Nowadays I often feel like the world is too small. It only takes 5 hours from Seoul to Busan and 30 hours to circle the Earth, so apparently, it’s just too small. With South America and the Middle East yet to show, I’ve literally traveled ‘around’ the globe showing my works. The closest one is arranged to be on view in China in 2018.

 

What is it that you seek through your art?

I seek to touch people’s hearts. Sometimes, even at the things that aren’t actually art, there are times when we feel ‘wow this is art!’ And I think that’s how art should be—to assist the audience to feel a new kind of joy and freedom. Back in 1999, I was shooting a documentary called ‘Tactile Documentary’ and I had casted a transgender in it. I went to gay bars every single night for six months to persuade this transgender to be in it. It seemed like it wasn’t for the money but rather (s)he was waiting to see if I could move (her)his heart. I was finally able to. And it came to me that not only the documentary but the persuasion, the effort and the whole process to make it happen had been part of the art. After all, it wasn’t about viewing that person superficially and use him/her merely as a medium of art but it was to look into their lives, listen carefully to their agonies and be able to break my own prejudice. A work that’s themed on changing a perspective of a subject can become the turning point for the audience, as it can deeply touch their heart and break the bias against the subject. This is what I wish to do.

 

Do you think artistry is something that can be taught?

Yes I think it is. Because there’s always a moment for everyone to be able to go beyond their limits. You know, leafing through your old diary might surprise you by discovering how deeply you were buried inside your thoughts or emotions, with your words spread out like poetry. And that’s where art starts. I think I only scratched the surface of what Joseph Beuys meant with his  famous quote, “Everyone is an artist," until now, where I can fully fathom its meaning. The vintage stereo club members are a good example. All of them joined to do something upon their free will after retirement, away from the weight of work or family responsibilities, which triggers a great deal of creativity or desire that pour out of them. I can’t say what we do is art but I think it’s pretty much artistic.

 

What is your current interest?

Building a hanok has been my long-cherished dream. I’m the type who has to see it to the end of anything I put my hands on. When I was obsessed with scuba diving, I went into the water more than a hundred times in a year. And for the past three years, all of the books I bought relate to hanoks. If I ever get the chance, I’d love to live in one of the hanoks I build.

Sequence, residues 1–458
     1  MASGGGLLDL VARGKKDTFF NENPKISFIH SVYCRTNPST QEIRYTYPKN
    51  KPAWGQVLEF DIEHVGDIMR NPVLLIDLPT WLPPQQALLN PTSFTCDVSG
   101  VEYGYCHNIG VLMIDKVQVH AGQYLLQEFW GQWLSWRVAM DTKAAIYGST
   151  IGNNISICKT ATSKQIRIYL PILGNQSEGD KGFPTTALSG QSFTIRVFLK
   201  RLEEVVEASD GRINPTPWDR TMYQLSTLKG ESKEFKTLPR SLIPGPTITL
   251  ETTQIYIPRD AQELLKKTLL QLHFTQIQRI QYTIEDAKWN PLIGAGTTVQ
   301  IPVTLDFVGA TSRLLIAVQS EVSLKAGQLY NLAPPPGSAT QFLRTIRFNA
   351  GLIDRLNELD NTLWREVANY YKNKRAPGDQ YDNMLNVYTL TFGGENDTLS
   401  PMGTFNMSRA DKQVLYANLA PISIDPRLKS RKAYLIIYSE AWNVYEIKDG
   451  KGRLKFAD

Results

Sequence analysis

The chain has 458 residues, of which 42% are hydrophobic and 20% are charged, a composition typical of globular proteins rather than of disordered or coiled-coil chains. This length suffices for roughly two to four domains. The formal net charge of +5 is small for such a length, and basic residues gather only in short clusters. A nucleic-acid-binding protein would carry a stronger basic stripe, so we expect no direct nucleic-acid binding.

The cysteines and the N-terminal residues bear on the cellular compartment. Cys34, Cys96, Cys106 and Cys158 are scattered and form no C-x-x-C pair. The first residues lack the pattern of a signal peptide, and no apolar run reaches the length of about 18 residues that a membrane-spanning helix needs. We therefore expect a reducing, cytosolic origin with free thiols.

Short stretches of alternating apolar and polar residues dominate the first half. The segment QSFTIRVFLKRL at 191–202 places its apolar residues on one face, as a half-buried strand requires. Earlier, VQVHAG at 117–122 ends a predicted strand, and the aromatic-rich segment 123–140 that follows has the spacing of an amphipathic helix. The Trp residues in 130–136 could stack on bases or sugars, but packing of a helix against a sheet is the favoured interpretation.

Is there a specific reason?

I always thought if I ever have kids, I should raise them in a hanok, in an environment where they can grow different imaginations from that of the colorless places like the apartment buildings. I myself grew up in a hanok and I still recall the fascinating layout of the house. The master bedroom allowed an inclining and declining flow of movement, the different levels of the entrance space were so much fun for a little kid and the names of the flowers and grass that grew in our yard and the ability to observe and distinguish them just by their appearances were I think the real, priceless education I could ever have had.

 

What is your future plan?

I’d like to establish a small art museum here. An art museum with a ‘breaking art’ concept that delivers the works that quickly pick up the stream of our society. For a conventional art museum, it normally takes 2 to 3 years to plan and to finally exhibit in front of the public. If the content falls behind the speed of change, then it won’t be able to reach out to people and eventually rot.

 

RECOMMENDED PLACE

bar sangsuri

Dongmangno 86, Mapo-gu, Seoul
6 Sangsu

“It’s a place for all ages, from youngsters to the middle-aged.”

 

Once you get out of exit 4 at Sangsu Station, you’ll notice the vintage-styled ‘bar Sangsuri’ right away. For those who remember ‘bar-da’ in Hongdae, this is good news because the owner who ran ‘bar-da’ moved and reopened it here under a new name.  The large list of alcohol and side dish and the cozy ambience adds great joy to the place, with guests occasionally playing music as well. Yongbaek Lee calls the place ‘a generation-less bar.’ Bars in Hongdae are dominated by people in the 20s but here, the age ranges up to 50s and 60s. Sitting around the large table among a variety of nationalities, ages and gender, while drinking, eating, talking and having lots of fun are scenes common to this place.